The Reason Why McCain Got So Mad at His Ex-Friend Hagel

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Sen. John McCain wanted one thing from his aggressive questioning of his former friend Chuck Hagel at his confirmation hearing Thursday: for Hagel to admit that McCain had been right about the Iraq surge. He did not get what he wanted. Hagel, who is likely to be confirmed as Secretary of Defense, opposed the surge, and said the Iraq war was "the most dangerous foreign policy decision since Vietnam." McCain strongly supported the surge, urging the U.S. not to give up on Iraq like it did Vietnam. So when McCain demanded to know whether Hagel thought he was right or wrong on the surge in Thursday's hearing, he was also asking who correctly applied the lessons they learned when fighting in Vietnam.

McCain and Hagel used to be good friends. They are both Republicans and Vietnam veterans. McCain campaigned for Hagel in his first race in 1996, Hagel campaigned for McCain in 2000. But their friendship fell apart over the Iraq war. Hagel was an early skeptic of the war in 2002, as The New York Times' Elisabeth Bumiller reports, though he voted for the resolution authorizing the use of force in Iraq. Hagel was skeptical of sending a surge of troops to Iraq in 2007, while McCain strongly supported it. Hagel compared the war to Vietnam, and said in 2007, "we better be damn sure we know what we’re doing, all of us, before we put 22,000 more Americans into that grinder." Hagel didn't support McCain's 2008 campaign, and visited Iraq with then-Sen. Barack Obama. Sen. Lindsey Graham told the Times in December, "The Iraq war is where the policy differences became pretty difficult to deal with." One of McCain's 2008 advisers said he "takes policy disputes very, very personally."

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That was clear by their heated exchange during Thursday's confirmation hearing.

McCain: Were you right? Were you correct in your assessment? 

Hagel: Well I would defer to the judgment of history to sort that out.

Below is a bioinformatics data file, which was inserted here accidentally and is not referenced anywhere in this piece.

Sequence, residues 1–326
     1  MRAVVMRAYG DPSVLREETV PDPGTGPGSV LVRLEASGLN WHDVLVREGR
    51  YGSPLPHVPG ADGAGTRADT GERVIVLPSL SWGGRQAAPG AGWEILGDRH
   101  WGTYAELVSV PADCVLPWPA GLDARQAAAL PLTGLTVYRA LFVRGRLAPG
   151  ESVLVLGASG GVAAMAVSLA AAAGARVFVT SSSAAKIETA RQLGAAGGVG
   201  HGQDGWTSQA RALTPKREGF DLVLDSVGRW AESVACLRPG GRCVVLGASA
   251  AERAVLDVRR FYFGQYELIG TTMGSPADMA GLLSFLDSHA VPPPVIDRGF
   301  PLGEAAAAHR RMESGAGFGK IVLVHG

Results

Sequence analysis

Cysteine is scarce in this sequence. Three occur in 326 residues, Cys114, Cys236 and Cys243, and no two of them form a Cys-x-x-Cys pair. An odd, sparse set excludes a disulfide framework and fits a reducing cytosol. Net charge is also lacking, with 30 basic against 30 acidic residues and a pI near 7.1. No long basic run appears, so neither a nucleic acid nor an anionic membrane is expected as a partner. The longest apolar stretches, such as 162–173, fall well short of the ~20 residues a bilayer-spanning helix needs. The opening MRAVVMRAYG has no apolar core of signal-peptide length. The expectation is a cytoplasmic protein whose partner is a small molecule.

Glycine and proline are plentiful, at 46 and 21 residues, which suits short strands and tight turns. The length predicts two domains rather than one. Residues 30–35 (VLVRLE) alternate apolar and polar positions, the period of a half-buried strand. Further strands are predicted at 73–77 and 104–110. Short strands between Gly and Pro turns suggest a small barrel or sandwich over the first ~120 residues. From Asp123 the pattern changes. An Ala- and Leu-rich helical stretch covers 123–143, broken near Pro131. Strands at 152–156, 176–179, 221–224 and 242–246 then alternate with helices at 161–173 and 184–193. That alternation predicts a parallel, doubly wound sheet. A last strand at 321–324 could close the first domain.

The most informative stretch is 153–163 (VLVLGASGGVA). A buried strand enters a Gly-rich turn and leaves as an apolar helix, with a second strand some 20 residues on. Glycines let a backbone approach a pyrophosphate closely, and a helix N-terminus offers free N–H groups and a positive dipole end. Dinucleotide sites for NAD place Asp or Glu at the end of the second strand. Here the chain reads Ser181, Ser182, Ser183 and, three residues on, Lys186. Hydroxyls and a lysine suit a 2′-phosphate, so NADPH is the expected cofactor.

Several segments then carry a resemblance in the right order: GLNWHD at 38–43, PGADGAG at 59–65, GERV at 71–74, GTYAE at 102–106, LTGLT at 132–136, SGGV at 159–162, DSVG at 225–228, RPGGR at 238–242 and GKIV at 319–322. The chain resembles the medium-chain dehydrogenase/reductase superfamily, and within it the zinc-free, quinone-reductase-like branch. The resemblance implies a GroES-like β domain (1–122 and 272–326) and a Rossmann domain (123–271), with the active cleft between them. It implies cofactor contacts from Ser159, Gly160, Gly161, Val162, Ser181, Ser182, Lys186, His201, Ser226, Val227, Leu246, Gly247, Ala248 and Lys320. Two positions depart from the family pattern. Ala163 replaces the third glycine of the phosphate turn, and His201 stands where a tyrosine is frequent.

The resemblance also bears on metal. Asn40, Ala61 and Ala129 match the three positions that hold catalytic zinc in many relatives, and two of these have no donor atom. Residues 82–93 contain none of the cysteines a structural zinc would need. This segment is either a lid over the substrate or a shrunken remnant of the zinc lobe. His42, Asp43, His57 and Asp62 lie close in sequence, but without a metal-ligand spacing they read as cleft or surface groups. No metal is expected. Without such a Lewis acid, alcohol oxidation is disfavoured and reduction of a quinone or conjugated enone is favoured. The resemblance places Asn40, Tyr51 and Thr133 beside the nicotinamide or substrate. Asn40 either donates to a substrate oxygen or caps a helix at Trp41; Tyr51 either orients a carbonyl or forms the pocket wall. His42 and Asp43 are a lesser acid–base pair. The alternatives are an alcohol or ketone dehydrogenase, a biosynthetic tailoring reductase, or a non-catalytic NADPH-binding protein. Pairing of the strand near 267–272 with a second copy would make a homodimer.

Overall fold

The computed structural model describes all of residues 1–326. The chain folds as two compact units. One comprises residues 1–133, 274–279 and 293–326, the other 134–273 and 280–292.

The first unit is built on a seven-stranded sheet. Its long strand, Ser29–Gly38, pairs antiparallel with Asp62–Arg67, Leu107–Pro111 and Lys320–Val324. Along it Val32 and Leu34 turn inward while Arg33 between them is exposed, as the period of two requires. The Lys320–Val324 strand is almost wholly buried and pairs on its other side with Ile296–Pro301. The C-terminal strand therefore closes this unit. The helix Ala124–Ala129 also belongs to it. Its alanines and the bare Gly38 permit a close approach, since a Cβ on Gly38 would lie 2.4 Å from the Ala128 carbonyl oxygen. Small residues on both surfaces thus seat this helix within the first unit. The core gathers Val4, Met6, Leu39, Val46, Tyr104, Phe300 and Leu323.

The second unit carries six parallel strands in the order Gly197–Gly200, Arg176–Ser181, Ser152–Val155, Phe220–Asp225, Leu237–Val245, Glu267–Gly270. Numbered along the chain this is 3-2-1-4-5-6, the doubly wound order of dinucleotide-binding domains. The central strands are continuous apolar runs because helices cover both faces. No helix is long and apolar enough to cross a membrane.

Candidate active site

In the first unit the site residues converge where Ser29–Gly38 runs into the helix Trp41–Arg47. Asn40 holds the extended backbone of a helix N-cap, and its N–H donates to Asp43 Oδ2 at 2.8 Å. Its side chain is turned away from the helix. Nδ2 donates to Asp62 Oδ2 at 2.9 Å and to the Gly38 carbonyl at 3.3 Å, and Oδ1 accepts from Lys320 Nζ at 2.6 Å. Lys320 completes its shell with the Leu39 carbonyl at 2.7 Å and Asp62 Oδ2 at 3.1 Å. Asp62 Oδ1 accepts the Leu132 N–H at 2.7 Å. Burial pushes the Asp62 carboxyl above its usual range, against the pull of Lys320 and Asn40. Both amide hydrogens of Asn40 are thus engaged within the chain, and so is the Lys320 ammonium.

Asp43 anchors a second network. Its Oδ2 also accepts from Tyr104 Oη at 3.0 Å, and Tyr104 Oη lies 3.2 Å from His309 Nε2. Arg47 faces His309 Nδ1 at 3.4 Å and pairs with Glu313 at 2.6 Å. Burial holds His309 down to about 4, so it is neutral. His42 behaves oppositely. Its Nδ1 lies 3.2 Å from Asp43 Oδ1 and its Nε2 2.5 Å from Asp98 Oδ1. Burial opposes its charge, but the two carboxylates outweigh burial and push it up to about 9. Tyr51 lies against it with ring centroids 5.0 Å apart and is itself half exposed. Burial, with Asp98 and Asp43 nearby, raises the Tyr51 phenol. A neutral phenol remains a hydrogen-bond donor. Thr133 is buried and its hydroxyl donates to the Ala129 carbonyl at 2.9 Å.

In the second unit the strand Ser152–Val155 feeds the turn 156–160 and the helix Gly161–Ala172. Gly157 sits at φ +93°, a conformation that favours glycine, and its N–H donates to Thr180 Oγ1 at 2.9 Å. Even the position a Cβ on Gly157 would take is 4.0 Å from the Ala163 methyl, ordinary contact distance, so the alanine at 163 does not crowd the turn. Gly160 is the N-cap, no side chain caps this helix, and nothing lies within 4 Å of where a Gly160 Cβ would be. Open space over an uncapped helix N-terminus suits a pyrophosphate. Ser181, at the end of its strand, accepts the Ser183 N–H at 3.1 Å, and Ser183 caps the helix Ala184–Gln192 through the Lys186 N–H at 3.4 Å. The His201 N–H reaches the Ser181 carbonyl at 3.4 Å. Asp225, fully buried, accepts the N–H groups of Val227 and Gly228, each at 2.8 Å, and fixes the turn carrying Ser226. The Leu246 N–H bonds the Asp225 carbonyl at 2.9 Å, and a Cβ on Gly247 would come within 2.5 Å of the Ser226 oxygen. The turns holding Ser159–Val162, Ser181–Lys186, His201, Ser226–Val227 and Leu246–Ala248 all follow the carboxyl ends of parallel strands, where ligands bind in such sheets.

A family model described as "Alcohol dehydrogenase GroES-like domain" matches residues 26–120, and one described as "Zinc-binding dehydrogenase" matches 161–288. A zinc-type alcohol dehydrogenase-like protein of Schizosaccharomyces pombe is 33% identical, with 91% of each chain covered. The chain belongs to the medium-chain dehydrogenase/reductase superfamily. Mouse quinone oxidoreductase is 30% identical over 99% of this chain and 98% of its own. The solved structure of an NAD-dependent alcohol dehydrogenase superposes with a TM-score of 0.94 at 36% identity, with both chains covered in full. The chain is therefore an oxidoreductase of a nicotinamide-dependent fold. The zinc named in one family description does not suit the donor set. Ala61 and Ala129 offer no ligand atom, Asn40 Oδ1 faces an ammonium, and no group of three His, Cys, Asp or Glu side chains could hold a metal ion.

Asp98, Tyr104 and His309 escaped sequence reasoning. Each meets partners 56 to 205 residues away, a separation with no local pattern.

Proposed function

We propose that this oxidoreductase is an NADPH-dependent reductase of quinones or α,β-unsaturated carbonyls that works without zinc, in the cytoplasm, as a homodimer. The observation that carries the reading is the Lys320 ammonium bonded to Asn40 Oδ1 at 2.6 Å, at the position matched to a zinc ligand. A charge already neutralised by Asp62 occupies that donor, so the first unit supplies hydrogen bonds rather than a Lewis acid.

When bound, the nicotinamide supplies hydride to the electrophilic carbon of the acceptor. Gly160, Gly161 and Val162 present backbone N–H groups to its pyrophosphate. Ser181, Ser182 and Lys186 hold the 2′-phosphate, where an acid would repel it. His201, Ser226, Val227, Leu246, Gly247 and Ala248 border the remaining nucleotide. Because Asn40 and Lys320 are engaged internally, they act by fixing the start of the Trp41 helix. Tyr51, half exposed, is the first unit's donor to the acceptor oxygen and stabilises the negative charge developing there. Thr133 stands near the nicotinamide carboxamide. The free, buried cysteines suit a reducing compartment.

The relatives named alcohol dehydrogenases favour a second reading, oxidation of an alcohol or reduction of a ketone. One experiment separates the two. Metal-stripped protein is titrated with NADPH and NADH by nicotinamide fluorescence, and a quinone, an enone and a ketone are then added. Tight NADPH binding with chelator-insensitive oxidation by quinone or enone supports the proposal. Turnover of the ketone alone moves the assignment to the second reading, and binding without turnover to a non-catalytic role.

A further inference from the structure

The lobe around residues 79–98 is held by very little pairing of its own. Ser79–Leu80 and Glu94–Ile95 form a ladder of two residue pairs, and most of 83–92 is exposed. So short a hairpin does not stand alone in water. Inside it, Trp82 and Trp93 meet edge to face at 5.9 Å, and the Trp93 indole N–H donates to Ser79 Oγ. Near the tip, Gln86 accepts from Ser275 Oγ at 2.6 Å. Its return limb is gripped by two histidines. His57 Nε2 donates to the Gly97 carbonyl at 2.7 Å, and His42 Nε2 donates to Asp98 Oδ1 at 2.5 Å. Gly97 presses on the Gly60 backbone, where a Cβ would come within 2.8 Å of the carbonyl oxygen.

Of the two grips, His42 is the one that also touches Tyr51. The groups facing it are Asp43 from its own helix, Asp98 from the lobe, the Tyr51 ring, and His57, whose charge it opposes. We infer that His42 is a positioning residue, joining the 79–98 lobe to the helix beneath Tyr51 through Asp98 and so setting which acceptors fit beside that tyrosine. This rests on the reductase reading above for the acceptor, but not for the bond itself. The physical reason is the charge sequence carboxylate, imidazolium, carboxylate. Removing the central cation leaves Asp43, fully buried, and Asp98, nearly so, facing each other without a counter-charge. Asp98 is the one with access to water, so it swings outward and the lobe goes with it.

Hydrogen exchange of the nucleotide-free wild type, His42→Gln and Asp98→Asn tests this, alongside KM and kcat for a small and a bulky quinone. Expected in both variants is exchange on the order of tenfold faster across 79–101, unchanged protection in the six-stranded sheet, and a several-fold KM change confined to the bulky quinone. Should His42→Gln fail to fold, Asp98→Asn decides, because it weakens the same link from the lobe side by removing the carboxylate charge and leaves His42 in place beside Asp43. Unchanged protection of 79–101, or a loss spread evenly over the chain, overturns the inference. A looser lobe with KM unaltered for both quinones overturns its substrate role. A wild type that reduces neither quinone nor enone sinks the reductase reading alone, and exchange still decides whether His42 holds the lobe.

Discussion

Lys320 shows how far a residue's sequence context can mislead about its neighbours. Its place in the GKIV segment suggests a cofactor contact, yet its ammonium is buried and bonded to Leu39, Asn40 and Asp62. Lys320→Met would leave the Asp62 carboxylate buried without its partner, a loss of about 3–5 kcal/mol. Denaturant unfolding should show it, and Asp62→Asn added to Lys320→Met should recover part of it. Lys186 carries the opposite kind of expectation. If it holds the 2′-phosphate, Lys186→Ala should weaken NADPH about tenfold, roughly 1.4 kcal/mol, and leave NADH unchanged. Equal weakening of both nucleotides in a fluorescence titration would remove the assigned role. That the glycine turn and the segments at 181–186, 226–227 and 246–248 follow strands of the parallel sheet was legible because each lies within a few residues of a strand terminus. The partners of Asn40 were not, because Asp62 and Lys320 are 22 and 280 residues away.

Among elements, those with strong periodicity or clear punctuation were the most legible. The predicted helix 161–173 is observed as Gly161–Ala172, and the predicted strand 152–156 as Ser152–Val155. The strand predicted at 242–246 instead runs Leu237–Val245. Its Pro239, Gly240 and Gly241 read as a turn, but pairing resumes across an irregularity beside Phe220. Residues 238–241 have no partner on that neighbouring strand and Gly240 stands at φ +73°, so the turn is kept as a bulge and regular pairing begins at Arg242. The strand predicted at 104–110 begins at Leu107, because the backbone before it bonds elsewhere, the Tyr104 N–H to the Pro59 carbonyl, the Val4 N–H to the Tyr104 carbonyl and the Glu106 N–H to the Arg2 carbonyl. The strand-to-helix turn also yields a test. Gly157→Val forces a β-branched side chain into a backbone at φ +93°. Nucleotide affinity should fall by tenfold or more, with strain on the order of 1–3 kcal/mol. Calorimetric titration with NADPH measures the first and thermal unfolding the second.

McCain: This committee deserves your judgment about whether you were right or wrong regarding the surge!

Hagel: I'll explain why I made those comments…

McCain: I want to know if you were right or wrong! It's a direct question, I expect a direct answer.

Hagel: The surge assisted in the objective. But if we review the record a little bit…

McCain: Will you please answer the question. Were you correct or incorrect when you said that the surge would be 'the most dangerous foreign policy blunder in this country since Vietnam'? Where you correct or incorrect?

It went on like that for a few minutes, with Hagel refusing to concede. 

According to Graham, McCain blames their policy dispute on Hagel's experiences as a sergeant in the infantry in Vietnam, where he was wounded twice.

Mr. McCain saw Mr. Hagel’s views as wrongly colored by the brutal combat he saw as an infantryman in the jungles of Vietnam, where he was wounded twice. (Mr. McCain was shot down over Hanoi in 1967 and for the next five years was imprisoned and tortured by the North Vietnamese.) “I think he was very haunted by Vietnam,” Mr. Graham said of Mr. Hagel. Mr. McCain, he said, “doesn’t look at every conflict through the eyes of his Vietnam experience — you know, ‘We shouldn’t have been there, it went on too long, we didn’t have a plan.’ Fighting Al Qaeda is not fighting in Vietnam.”

McCain had used this analysis before, on another Republican senator wounded in war: Bob Dole. In 1996, Michael Lewis reported on This American Life:

He says, this is the McCain theory, and I think it's valid. I was an adult when I was shot down, 31 years old. I'd had a whole life. [Dole] was 19. What were you like when you were 19? I believe that everything Bob Dole has done since the war was dictated by that experience.

McCain seems to have a lot invested in being the leading interpreter of the experience of war on Capitol Hill.

This article is from the archive of our partner The Wire.